In the wake of insecurity in the country, the Muslim Rights Concern (MURIC) has asked governors to stop abdicating their responsibilities and confront bandits and criminal herdsmen in their states.
This was contained in a statement on Saturday by Ishaq Akintola, MURIC director.
He urged governors to spend their security vote on equipping their states’ security outfits in such a way that they can adequately and sufficiently meet the current security challenges.
“Nothing can extenuate the crimes committed by bandits. We should not look for excuses for them. Rather we should educate the Nigerian public on the position of the Shariah regarding banditry. We should also let the bandits know the gravity of their crimes and the ‘kabiirah’ status of their sins,” he said.
“Banditry is categorised as ‘hiraabah’ in Islam. ‘Hiraabah’ is a technical term in Shariah which means waging unprovoked war against the people. The Glorious Qur’an even ranked it as waging war against Allah and His messenger (i.e. Prophet Muhammad, peace be upon him).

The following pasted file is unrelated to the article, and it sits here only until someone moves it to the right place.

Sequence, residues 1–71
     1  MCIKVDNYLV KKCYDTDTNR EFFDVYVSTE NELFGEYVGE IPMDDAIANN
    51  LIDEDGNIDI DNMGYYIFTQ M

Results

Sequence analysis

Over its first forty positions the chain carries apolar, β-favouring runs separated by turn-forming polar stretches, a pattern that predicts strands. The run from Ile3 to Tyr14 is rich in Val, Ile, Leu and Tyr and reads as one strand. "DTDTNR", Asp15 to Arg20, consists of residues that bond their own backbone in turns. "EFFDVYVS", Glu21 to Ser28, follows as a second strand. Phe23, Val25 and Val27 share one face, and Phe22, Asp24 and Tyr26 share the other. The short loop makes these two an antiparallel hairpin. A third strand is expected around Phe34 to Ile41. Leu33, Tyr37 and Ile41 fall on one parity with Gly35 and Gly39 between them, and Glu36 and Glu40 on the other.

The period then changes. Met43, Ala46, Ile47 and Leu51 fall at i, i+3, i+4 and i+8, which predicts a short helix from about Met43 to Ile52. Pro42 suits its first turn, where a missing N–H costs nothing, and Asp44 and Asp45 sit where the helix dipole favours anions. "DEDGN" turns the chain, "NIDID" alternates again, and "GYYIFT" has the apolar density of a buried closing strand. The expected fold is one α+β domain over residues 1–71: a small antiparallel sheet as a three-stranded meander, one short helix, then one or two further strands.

“It says, ‘The punishment of those who wage war against Allah and His Messenger by spreading evil and committing atrocities in the land is either execution or crucifixion or cutting off their hands and legs from opposite sides or sending them into exile. That is their disgrace in this world and a heavy punishment awaits them in the Hereafter (Qur’an 5:33).
“Thus we see that the Qur’an does not treat banditry with kid gloves. Note should be taken of the promise of ‘heavy punishment’ for bandits even after death. It is for this reason that we are calling on all Islamic scholars in the country to boldly rise to the task and interpret the Shariah in a befitting manner. Banditry has become a hydra-headed monster threatening to swallow up the social order. It must therefore be met with every necessary force to nip its threat in the bud.
“MURIC calls on all bandits to surrender to the state governments wherever they are operating. There can be no talks or any form of negotiation with bandits before surrendering. State governments should monitor the situation thereafter for a period no less than twelve months. The authorities can only start considering how to engage them in some productive ventures if no violent attack is reported within the period.“